Hollywood Production in Vancouver Hits New High Amid Pandemic

The sun rises on the skyline -Vancouver, Canada - Getty - H 2020
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British Columbia weathering the global COVID-19 crisis better than rival U.S. locales has producers shifting film and TV projects north.

Hollywood location shooting in British Columbia on Canada's West Coast in 2019 hit a new high of CAN$4.1 billion (US$3.1 billion) in production activity, according to a report from the Vancouver Film Commission.

But after the COVID-19 crisis shuttered all U.S. production in Vancouver in March 2020 and this summer the Americans slowly relaunched local film and TV shoots, the province has now surpassed pre-pandemic production levels in terms of the number of projects before the cameras.

"The encouraging position for us is since the restart happened, the amount of production is at a higher peak than any period we saw in 2019," Vancouver film commissioner David Shepheard tells The Hollywood Reporter.

Full-year 2020 expenditures by Hollywood film and TV shoots in and around Vancouver, while not available at this time to compare with last year, will be down compared to 2019's activity, given the downtime caused by the pandemic.

But the direction of travel is clear as the Canadian province's film, TV, visual effects and animation sectors ride out 2020 after relaunching production amid strict health and safety protocols and continuing to adjust to remote work.

B.C. has 61 entertainment projects in production this month, according to Creative B.C., which markets the province to Hollywood. That includes 22 TV series produced by CBS, Netflix, Disney, Warner Bros. and ABC, like Batwoman, DC Legends of Tomorrow, Charmed, Nancy Drew, Riverdale, The Flash and Supergirl, six feature films, 10 new media projects and 23 TV movies shooting across the province.

That compares with around 40 projects that were shooting in B.C. just before the novel coronavirus pandemic slammed into the local production sector and sent Americans back across the border to shelter at home.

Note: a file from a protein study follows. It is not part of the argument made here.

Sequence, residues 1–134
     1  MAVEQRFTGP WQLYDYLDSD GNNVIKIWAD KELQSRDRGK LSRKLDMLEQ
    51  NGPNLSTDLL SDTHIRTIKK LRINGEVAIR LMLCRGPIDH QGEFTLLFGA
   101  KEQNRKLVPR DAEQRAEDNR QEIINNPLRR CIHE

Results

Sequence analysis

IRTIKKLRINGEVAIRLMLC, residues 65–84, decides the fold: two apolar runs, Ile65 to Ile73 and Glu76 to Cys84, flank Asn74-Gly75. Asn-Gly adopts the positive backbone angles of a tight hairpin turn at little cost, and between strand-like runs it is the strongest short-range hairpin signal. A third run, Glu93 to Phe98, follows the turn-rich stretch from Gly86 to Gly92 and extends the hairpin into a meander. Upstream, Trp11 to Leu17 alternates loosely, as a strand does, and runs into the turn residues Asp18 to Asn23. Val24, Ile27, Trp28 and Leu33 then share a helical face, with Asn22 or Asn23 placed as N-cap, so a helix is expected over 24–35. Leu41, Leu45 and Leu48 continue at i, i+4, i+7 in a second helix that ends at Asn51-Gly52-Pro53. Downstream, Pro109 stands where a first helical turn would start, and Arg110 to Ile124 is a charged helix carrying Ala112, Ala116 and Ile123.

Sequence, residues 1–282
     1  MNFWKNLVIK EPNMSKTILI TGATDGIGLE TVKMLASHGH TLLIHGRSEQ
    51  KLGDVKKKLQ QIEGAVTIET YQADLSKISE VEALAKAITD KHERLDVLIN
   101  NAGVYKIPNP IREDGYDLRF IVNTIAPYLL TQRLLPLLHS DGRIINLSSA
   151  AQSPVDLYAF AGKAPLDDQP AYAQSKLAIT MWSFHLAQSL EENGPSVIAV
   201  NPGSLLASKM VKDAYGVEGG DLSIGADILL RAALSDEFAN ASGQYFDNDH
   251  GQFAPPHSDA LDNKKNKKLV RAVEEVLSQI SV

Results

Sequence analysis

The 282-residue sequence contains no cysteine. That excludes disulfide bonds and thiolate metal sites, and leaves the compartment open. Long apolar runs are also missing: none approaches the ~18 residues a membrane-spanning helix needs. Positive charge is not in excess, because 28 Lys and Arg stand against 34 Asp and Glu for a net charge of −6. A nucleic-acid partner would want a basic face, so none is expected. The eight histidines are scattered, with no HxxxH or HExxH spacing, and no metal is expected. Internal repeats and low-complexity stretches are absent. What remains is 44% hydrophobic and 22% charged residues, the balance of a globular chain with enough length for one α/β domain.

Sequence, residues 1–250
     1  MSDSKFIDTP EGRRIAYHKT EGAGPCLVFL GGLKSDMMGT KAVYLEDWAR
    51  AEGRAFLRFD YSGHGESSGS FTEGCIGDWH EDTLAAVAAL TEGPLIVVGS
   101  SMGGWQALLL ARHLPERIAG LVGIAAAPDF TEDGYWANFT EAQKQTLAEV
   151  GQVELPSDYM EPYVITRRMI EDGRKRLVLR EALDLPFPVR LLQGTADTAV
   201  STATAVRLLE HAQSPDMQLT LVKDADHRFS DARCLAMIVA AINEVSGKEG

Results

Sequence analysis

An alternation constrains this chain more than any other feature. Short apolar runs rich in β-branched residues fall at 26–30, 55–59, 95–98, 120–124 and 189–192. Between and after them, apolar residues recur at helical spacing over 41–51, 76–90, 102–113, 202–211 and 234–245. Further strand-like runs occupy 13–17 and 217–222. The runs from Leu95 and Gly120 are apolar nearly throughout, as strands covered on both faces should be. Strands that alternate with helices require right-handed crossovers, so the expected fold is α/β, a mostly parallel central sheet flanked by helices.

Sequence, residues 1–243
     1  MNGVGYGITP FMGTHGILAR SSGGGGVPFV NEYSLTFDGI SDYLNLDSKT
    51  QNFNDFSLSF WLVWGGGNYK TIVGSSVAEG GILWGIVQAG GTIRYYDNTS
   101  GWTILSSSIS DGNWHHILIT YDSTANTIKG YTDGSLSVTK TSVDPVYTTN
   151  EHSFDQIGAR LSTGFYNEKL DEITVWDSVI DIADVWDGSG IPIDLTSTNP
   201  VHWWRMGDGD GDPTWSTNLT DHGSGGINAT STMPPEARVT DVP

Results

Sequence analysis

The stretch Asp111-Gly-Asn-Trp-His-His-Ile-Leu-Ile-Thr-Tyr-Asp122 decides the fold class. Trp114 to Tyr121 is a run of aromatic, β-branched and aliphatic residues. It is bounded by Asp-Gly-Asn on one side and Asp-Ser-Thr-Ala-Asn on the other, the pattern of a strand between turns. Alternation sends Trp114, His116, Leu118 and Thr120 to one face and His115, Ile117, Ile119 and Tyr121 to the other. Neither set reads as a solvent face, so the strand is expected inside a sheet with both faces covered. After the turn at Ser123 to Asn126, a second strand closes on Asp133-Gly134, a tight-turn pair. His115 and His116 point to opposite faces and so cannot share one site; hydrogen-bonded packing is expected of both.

"Basically the industry has come back to working at full capacity," Shepheard says. That rebound is partly explained by the Canadian province having weathered the global pandemic better than rival locales like the southern U.S. states and New York City, which had U.S. film and TV producers choosing early on to shift projects to Vancouver.

"We've been extremely fortunate in B.C. not to have the same sort of issues that other places have had in the U.S. The industry has been looking at British Columbia to see how to manage its way and those studios that are eager to get into production have been looking all around the world to where they can get into production quickly," Shepheard explains.

The Vancouver film commissioner adds that  the province never ordered the closure of the local film production sector, which allowed U.S. and local producers, unions and guilds and provincial health authorities to work out and agree on health and safety protocols that allowed the industry to turn the lights back on at local soundstages.

Of course, the B.C. production sector is far from being out of the woods. The province has seen a resurgence in COVID-19 infection cases with the fall season, as elsewhere in North America and globally.

And U.S.-based TV series location shoots in B.C. recently began to restart production after a number of popular shows were put on a short pause resulting from a shortage of rapid COVID-19 testing capacity in Vancouver.

Shepheard says the rapid-testing bottleneck has been removed. "All producers report that there are no issues in terms of tests carried out and results coming back. It was a temporary backlog," he says.

U.S. and local industry reps are also working closely with LifeLabs, a commercial lab where they contract out testing, and the B.C. Ministry of Health on longer-term options for rapid testing, which includes securing rapid COVID-19 test kits coming onto the market to help identify positive coronavirus cases without having to entirely rely on hard-pressed commercial labs.

And while B.C. tends to have a slight production lull during its winter months, Shepheard doesn't see the pandemic-era bounce back in local film and TV production by Hollywood studios and streamers losing steam any time soon.

"We all joke that we've been sitting at home for the last eight months consuming everything, so there's a passion to get new content made. People are going to be very busy for a long time," he argues.